• The King's Watch, Posthumous Press, 1994, hardcover book, with Foreword and signed by Robert Bloch and tipped in photo of writers' group, The Milwaukee Fictioneers, to which Weinbaum and Bloch both belonged. (This story is a variant of "The Green Glow of Death" from 7/57 Crack Detective and Mystery Stories.)

Collections of stories and poetry[edit]

  • The Best of Stanley G. Weinbaum, Ballantine, 1974
  • Lunaria and Other Poems, The Strange Publishing Company 1988
  • The Black Heart, Leonaur Publishing, 2006
  • Dawn of Flame: The Stanley G. Weinbaum Memorial Volume, Conrad H. Ruppert, 1936
  • Interplanetary Odysseys, Leonaur Publishing, 2006
  • A Martian Odyssey and Other Science Fiction Tales, Hyperion Press, 1974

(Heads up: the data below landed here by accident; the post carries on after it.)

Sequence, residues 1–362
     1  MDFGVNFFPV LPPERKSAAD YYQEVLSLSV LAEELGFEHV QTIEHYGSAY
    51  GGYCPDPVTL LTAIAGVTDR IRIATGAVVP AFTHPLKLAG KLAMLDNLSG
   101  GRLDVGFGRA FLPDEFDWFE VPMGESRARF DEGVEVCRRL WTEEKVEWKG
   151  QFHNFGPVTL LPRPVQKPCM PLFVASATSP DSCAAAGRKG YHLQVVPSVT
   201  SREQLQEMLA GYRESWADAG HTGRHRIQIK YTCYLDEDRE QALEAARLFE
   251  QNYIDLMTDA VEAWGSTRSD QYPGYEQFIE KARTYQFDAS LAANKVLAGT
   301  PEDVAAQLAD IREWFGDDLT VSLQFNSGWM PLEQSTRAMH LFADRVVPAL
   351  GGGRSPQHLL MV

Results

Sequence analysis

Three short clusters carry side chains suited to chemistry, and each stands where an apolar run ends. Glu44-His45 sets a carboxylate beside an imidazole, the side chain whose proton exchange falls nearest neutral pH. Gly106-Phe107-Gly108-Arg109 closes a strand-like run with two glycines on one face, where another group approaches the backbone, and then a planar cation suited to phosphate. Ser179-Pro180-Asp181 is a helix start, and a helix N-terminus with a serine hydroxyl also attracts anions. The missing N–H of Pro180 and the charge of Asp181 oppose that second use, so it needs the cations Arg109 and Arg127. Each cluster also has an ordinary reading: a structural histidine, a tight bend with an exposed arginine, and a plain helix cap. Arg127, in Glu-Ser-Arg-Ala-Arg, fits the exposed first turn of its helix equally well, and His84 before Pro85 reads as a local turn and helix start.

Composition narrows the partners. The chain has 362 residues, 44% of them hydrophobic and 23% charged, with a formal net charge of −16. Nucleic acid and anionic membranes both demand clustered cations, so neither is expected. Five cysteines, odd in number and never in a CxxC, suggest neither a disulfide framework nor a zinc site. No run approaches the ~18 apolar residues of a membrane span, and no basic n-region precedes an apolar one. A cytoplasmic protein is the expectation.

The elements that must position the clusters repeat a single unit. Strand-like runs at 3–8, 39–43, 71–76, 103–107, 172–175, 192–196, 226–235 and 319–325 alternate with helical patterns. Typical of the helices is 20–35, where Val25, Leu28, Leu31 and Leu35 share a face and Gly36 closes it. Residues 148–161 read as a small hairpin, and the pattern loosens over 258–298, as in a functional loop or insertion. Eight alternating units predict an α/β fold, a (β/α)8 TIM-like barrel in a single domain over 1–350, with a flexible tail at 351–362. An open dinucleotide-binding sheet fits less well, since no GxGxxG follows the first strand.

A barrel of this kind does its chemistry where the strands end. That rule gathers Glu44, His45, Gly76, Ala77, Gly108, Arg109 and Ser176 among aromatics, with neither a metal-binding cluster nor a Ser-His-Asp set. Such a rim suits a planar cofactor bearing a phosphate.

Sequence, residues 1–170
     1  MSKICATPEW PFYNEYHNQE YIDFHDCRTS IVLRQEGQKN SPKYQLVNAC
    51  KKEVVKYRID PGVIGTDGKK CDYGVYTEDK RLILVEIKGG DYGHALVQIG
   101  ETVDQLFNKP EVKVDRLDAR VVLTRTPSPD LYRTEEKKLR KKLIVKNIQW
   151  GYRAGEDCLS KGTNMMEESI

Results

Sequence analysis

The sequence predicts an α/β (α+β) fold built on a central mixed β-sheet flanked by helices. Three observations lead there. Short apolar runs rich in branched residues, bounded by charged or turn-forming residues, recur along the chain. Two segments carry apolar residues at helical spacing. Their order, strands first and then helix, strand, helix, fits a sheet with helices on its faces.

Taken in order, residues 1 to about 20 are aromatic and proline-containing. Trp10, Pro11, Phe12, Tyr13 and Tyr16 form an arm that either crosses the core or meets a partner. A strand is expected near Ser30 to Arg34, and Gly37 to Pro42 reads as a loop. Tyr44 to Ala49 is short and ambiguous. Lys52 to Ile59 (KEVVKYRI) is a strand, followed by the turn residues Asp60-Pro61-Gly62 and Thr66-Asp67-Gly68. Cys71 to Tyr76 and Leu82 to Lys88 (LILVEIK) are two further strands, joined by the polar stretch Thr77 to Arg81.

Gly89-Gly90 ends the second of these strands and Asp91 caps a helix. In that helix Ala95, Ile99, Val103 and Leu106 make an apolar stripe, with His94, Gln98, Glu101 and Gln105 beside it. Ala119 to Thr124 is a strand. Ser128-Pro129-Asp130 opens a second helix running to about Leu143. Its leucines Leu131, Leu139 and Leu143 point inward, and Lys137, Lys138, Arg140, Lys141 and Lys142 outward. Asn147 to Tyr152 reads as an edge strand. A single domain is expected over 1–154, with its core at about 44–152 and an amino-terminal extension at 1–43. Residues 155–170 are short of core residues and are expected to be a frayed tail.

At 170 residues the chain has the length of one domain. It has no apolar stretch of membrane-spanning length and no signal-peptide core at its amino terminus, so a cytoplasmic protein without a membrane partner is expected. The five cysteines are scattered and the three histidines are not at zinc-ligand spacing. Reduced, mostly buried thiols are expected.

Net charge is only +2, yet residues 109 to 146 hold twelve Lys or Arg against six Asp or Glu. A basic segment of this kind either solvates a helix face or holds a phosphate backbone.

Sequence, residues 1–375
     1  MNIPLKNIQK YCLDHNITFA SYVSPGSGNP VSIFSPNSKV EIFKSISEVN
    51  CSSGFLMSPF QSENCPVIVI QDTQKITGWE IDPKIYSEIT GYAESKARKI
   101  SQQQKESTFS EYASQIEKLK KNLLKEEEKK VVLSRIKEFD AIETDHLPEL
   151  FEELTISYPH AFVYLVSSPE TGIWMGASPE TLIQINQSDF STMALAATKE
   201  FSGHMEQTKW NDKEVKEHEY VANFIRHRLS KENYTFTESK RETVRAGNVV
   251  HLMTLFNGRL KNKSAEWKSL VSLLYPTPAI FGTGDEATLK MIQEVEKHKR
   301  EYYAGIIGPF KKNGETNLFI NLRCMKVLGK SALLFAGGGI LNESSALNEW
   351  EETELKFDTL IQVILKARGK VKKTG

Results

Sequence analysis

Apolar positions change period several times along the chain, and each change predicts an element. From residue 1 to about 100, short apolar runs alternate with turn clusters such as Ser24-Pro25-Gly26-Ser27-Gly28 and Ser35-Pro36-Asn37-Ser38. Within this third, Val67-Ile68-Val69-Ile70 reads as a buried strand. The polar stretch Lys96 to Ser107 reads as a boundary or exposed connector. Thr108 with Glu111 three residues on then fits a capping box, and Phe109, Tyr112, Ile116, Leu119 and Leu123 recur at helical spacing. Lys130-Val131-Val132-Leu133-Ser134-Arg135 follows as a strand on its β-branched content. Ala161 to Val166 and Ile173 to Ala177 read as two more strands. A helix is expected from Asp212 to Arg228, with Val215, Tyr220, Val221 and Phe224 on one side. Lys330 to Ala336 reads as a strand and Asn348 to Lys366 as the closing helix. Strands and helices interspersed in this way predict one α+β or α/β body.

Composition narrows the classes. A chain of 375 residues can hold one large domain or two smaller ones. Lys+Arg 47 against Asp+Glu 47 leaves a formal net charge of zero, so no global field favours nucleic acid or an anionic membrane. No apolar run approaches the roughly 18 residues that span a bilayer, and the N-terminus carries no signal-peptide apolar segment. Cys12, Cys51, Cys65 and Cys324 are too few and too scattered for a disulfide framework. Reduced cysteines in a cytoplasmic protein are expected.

• A Martian Odyssey and Others, Fantasy Press, 1949
  • A Martian Odyssey and Other Classics of Science Fiction, Lancer, 1962
  • Other Earths, Leonaur Publishing, 2006
  • The Red Peri, Fantasy Press, 1952
  • Strange Genius, Leonaur Publishing, 2006

References[edit]

  1. ^ [1]
  2. ^ Asimov, Isaac. Asimov on Science Fiction. New York: Doubleday, 1981. pp. 221-2.
  3. ^ "Stanley G. Weinbaum". Internet Movie Database. Retrieved 2009-12-25. 
  4. ^ "Award". The Official Cordwainer Smith Website. Retrieved 2009-12-25. 
  5. ^ "Reading Room", If, June 1974, p.158
  6. ^ Bleiler, Science-Fiction: The Gernsback Years, Kent State University Press, 1998, p.479
  7. ^ "Books", F&SF, December 1974, p.67

External links[edit]